Paris and Moscow wage war on IS
Since the attacks in Paris, France has intensified its airstrikes against IS positions in Syria, in cooperation with Russia. But bombing alone will hardly ensure a victory over the terrorist organisation, some commentators write. Others enjoin the Western powers not to let themselves be drawn into a ground war.
War a hopeless cause without ground troops
France and Russia's airstrikes against the IS don't stand a chance without ground troops, the liberal business daily Il Sole 24 Ore complains: "As long as the airstrikes aren't backed up by a robust ground offensive, we shouldn't be too optimistic about their effectiveness. If Hollande really wants to wage the 'merciless war' on the IS he announced he will have to deploy ground troops. Four brigades with artillery, tanks and helicopters, a contingent of around 20,000 men to back up the Syrian, Kurdish and Iraqi troops could wipe out the IS within weeks, liberate Raqqa and Mosul and then leave it to the regional powers to stabilise the region. France has at most 6,000 troops, and it can only deploy them if the new 'entente cordiale' with Moscow can persuade [Syrian ruler] Assad to allow French troops to land on Syrian soil."
West must not be drawn into ground war
France and its allies must avoid war rhetoric and rushed decisions, the Christian-social daily Trouw believes: "The desire to 'wage war' on the IS only threatens to further escalate the fighting in Syria and Iraq. That, however, is exactly what the IS wants: to initiate a ground war and draw Western armies into the conflict. An option that US President Barack Obama rightly rejects. Even heavy bombing of Syrian positions only makes sense if there's a clear mandate for it and an escape route for the civilians caught between the IS and the international coalition. If Russia abandons its blockade in the UN Security Council, every effort must be made to procure a mandate supported by as many powers as possible. ... Particularly in view of the threat of terror, thinking twice before you act is a hallmark of strong leadership."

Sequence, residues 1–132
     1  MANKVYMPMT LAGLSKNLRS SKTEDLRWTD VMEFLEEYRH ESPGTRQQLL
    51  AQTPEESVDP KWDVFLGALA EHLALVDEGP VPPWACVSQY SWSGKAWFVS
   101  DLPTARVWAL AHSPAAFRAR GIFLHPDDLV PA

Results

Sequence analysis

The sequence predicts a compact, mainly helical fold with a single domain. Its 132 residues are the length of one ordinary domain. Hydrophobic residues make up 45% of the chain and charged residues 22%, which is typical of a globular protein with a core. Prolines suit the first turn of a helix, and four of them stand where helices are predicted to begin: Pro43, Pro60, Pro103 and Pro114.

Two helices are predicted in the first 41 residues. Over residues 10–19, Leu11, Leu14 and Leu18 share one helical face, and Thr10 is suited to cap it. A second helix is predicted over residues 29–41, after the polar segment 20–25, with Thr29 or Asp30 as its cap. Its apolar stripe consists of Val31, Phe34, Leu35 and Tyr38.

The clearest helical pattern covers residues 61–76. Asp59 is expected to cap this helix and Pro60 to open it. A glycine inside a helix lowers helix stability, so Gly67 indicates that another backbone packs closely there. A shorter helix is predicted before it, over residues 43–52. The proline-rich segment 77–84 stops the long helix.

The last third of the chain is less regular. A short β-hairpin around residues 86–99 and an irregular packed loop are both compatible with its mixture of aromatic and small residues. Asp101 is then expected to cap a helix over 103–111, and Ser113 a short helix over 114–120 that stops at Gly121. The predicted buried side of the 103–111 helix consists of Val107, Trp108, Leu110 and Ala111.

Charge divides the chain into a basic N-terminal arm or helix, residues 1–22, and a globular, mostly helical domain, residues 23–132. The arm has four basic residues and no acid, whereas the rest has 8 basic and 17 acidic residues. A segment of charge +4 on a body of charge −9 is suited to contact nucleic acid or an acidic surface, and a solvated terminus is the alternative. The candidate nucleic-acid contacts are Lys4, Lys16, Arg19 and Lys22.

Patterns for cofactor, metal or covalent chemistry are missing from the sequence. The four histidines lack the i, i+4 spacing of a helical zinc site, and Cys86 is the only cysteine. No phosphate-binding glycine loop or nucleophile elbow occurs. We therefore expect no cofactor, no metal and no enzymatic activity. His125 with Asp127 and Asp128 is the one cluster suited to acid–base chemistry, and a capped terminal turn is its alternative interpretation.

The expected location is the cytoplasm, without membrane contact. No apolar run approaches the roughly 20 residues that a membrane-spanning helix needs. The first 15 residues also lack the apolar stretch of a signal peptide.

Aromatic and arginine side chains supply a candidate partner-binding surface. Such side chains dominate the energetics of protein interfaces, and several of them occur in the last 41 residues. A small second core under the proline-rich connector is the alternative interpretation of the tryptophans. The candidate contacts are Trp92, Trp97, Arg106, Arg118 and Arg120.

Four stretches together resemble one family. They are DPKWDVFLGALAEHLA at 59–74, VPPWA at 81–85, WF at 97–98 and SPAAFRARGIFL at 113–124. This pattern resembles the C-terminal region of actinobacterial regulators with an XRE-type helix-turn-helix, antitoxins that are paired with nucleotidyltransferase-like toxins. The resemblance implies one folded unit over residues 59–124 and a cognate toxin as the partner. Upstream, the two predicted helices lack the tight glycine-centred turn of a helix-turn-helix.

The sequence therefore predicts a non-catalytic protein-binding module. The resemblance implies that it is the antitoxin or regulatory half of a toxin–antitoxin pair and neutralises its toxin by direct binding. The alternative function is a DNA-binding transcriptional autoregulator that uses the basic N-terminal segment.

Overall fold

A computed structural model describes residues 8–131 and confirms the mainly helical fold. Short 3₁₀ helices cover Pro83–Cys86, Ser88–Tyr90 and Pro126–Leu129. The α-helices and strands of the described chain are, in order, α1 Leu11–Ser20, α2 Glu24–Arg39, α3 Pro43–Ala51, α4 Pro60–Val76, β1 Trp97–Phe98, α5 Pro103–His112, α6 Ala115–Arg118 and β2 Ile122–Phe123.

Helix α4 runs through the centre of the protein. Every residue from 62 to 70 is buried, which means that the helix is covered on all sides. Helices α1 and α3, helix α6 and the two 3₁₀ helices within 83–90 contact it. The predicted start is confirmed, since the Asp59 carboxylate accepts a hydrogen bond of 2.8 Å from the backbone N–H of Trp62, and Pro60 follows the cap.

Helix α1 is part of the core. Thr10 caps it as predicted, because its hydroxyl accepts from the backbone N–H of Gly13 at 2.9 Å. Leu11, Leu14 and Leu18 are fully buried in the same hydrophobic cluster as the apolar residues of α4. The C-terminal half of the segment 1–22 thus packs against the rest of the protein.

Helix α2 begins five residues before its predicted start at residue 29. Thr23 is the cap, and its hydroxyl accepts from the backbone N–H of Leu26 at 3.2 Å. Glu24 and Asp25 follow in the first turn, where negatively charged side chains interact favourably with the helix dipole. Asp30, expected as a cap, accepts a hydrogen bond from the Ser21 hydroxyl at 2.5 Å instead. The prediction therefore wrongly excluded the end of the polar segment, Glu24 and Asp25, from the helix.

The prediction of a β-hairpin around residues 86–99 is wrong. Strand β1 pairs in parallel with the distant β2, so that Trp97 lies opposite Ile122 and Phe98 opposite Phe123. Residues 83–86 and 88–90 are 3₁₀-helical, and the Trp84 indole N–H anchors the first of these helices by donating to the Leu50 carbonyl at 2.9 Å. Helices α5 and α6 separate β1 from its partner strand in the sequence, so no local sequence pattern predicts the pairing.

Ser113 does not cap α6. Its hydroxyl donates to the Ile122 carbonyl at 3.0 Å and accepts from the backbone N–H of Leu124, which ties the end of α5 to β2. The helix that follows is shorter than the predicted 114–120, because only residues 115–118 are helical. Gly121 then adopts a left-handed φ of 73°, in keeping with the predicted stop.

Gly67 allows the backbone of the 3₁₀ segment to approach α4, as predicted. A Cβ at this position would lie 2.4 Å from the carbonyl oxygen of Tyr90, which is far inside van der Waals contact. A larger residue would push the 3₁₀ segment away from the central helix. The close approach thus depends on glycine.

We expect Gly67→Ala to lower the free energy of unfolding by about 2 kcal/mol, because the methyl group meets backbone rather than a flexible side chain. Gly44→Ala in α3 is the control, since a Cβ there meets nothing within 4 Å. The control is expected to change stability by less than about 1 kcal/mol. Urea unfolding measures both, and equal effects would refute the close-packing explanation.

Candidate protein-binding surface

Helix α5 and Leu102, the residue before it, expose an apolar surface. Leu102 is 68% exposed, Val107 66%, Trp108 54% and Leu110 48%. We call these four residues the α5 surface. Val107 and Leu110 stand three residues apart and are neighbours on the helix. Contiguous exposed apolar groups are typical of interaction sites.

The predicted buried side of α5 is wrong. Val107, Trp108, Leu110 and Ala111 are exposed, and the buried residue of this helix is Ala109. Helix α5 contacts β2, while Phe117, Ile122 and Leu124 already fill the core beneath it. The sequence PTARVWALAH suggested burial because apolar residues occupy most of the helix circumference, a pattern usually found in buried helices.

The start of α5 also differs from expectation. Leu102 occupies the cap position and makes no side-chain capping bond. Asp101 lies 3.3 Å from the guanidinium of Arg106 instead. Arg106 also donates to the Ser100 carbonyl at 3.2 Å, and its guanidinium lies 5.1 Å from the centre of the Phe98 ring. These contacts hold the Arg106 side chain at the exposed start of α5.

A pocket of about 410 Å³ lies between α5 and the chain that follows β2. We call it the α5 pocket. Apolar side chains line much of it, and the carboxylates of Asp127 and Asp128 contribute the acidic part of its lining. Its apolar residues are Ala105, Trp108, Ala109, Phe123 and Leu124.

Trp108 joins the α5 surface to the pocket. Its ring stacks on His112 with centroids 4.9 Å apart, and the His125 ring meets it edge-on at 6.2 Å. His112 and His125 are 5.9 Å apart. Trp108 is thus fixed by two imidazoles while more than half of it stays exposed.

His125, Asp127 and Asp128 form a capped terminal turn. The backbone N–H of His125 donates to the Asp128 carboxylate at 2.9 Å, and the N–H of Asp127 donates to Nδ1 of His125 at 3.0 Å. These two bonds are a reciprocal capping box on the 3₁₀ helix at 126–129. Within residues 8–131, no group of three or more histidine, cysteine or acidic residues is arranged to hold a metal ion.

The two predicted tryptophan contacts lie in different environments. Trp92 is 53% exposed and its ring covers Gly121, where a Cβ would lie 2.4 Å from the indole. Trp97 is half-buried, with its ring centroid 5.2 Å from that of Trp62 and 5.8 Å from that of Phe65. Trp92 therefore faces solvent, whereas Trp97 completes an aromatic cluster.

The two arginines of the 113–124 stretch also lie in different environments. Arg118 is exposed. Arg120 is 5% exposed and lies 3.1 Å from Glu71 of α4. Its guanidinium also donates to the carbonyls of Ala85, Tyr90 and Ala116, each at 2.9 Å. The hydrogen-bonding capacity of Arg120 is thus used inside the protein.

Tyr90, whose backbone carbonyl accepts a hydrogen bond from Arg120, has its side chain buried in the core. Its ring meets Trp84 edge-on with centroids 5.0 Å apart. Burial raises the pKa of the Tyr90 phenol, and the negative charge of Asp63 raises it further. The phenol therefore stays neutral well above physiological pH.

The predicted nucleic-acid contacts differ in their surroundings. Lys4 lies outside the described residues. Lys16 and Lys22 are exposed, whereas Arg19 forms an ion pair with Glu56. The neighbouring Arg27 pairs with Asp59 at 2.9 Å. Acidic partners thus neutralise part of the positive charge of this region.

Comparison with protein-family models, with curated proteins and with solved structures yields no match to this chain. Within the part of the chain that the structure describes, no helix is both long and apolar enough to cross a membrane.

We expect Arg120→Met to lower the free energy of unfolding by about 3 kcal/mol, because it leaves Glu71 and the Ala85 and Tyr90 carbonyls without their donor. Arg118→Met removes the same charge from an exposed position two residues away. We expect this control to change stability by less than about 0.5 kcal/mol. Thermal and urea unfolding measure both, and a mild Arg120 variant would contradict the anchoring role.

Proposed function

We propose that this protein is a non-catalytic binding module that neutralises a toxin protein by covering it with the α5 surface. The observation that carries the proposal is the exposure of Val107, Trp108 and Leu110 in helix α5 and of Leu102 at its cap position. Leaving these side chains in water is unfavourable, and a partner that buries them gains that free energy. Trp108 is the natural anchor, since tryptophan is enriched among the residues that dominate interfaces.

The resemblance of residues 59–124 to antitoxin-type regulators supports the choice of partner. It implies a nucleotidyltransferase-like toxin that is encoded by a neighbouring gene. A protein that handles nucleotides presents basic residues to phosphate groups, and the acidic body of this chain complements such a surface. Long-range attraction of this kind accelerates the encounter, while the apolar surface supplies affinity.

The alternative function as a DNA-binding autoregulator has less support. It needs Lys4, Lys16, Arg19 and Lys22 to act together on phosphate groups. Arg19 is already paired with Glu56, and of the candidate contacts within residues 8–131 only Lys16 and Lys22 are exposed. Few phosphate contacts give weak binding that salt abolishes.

Don't sacrifice all for alliance with Russia
The West must not let itself be fooled by Russia in the fight against the jihadists, the centre-left daily Le Monde warns: "Russia intervened in Syria because Vladimir Putin wanted to see his country return to the league of the major powers. And he enjoyed precisely that role on Monday at the G20 summit in Antalya. He also wanted to prevent the collapse of Syria in order to preserve Russian interests there. Putin's most recent statements show that he remains stuck in the logic of confrontation with the West, which he accuses of having deceived Russia at the end of the Cold War. … The West must not sacrifice the principles that unite it - and on which its support for Ukraine is based - for the sake of gaining Russia's support in the fight against the IS."
Cut IS's money supplies
The allies against the IS should finally take serious steps to cut off the jihadists' money and weapons supplies, demands the Christian-liberal daily Salzburger Nachrichten: "IS oil facilities were attacked for the first time on Monday. … Clearly it takes a massacre in a European capital and the bombing of a Russian aircraft to convince the US, the UK, France and Russia that the murderers can only be stopped if their money supplies are cut off. The murders in Paris were only possible because the international weapons trade continues to flourish unabated. The jihadists were able to buy all kinds of equipment without any problems. People like to talk about the black market but these weapons are not made in backyards. They are high tech devices that are made in cutting edge factories. Many respected states - including the allied states that are waging war against the IS - have either direct or indirect stakes in these factories, or at least have an interest in them."